[Snort-users] Snort home net and external net question

Jason Wallace jason.r.wallace at ...11827...
Fri Sep 3 14:25:16 EDT 2010


That error is because the /16 contains the /24 (bigger = more general)

You can do ... [10.1.0.0/16, ![10.1.1.0/24]]

But you can not do ... [10.1.1.0/24,![10.1.0.0/16]]

Also, order does not matter.


pp. 20-21 Snort Manual

IP Variables and IP Lists

IPs may be specified individually, in a list, as a CIDR block, or any
combination of the three. If IPv6 support is
enabled, IP variables should be specified using ’ipvar’ instead of
’var’. Using ’var’ for an IP variable is still allowed
for backward compatibility, but it will be deprecated in a future release.

IPs, IP lists, and CIDR blocks may be negated with ’!’. Negation is
handled differently compared with Snort versions
2.7.x and earlier. Previously, each element in a list was logically
OR’ed together. IP lists now OR non-negated
elements and AND the result with the OR’ed negated elements.

The following example list will match the IP 1.1.1.1 and IP from
2.2.2.0 to 2.2.2.255, with the exception of IPs 2.2.2.2
and 2.2.2.3.

[1.1.1.1,2.2.2.0/24,![2.2.2.2,2.2.2.3]]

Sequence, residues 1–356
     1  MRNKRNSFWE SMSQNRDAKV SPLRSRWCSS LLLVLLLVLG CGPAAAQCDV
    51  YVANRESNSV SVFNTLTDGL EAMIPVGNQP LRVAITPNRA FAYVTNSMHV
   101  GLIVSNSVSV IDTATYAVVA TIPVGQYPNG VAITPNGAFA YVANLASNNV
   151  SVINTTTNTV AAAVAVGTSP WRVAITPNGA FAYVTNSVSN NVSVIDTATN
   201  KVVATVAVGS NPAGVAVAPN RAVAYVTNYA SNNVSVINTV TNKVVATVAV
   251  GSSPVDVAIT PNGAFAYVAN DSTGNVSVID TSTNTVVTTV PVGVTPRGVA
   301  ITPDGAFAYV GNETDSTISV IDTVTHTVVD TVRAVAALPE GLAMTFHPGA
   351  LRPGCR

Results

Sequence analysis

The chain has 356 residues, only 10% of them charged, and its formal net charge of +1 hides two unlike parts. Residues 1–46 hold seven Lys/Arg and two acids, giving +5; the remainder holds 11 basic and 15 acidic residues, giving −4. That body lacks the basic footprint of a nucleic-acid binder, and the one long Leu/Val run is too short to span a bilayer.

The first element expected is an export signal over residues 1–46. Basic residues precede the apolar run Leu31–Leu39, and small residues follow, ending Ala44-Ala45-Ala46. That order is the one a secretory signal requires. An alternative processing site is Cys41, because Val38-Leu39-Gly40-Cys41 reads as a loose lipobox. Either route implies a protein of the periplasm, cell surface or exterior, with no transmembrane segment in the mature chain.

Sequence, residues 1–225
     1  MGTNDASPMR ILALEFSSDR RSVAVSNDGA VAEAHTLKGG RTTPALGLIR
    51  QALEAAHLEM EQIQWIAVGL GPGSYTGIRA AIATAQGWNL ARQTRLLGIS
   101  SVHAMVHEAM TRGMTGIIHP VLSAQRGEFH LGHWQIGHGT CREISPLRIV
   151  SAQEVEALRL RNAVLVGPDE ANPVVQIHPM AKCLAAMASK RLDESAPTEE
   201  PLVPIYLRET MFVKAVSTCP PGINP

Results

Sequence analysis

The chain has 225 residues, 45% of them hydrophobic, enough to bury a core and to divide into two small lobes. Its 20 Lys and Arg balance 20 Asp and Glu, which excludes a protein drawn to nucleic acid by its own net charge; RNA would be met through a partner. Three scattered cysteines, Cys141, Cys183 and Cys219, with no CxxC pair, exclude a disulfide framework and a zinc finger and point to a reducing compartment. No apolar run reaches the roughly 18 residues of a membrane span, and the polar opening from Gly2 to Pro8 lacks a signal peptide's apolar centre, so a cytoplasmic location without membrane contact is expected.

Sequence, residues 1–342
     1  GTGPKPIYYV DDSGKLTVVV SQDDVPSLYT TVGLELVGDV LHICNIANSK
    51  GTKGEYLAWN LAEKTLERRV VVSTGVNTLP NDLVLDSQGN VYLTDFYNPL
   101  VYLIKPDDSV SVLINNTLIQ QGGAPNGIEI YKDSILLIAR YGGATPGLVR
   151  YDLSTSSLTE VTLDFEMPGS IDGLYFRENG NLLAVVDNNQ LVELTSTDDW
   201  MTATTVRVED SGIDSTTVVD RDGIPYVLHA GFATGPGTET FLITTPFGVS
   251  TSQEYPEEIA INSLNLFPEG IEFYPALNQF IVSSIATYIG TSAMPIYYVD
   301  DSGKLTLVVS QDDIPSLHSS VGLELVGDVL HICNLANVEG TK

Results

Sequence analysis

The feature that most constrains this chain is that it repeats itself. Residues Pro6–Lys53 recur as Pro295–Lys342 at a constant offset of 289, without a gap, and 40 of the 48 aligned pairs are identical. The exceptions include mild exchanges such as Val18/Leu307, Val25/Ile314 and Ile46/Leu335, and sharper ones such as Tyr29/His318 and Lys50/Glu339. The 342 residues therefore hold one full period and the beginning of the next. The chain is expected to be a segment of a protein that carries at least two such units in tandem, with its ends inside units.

The order of the elements in the list does not matter. The element
’any’ can be used to match all IPs, although ’!any’
is not allowed. Also, negated IP ranges that are more general than
non-negated IP ranges are not allowed.

See below for some valid examples if IP variables and IP lists.

ipvar EXAMPLE [1.1.1.1,2.2.2.0/24,![2.2.2.2,2.2.2.3]]


Wally

P.S. It being Friday and all... I think that is worth 1 drink...

http://blog.joelesler.net/2008/02/snort-drinking-game-by-erek-adams.html



On Fri, Sep 3, 2010 at 1:54 PM, waldo kitty <wkitty42 at ...14940...> wrote:
> On 9/3/2010 12:52, Joel Esler wrote:
>> On Sep 3, 2010, at 11:01 AM, Andy Berryman wrote:
>>
>>> If I have my home net of snort set to:
>>> var HOME_NET [10.215.0.0/16]
>>> How can I make my external net be !$HOME_NET and 10.215.40.0/24 subnet?
>>
>> With recent versions of Snort,
>
> please define "recent"... 2.8.3?
>
>> you can do positives and negatives in the same
>> variable, but the more specific entry needs to come first.
>>
>  > var HOME_NET [10.215.0.0/16]
>  > var EXTERNAL_NET [10.216.40.0/16,!$HOME_NET]
>
> [aside] bug alert in the above! 2 bugs exist [/aside]
>
> now that's nice and a lot easier than using a CIDR calculator to work out the
> ranges as i did for my reply...
>
> if you have two or more sub-ranges, they all go first before !HOME_NET?
> does their numerical order matter?
>
> ie:
> var HOME_NET [10.215.0.0/16]
> var EXTERNAL_NET [10.215.33.0/24,10.215.40.0/24,10.215.77.0/24,!$HOME_NET]
>
>
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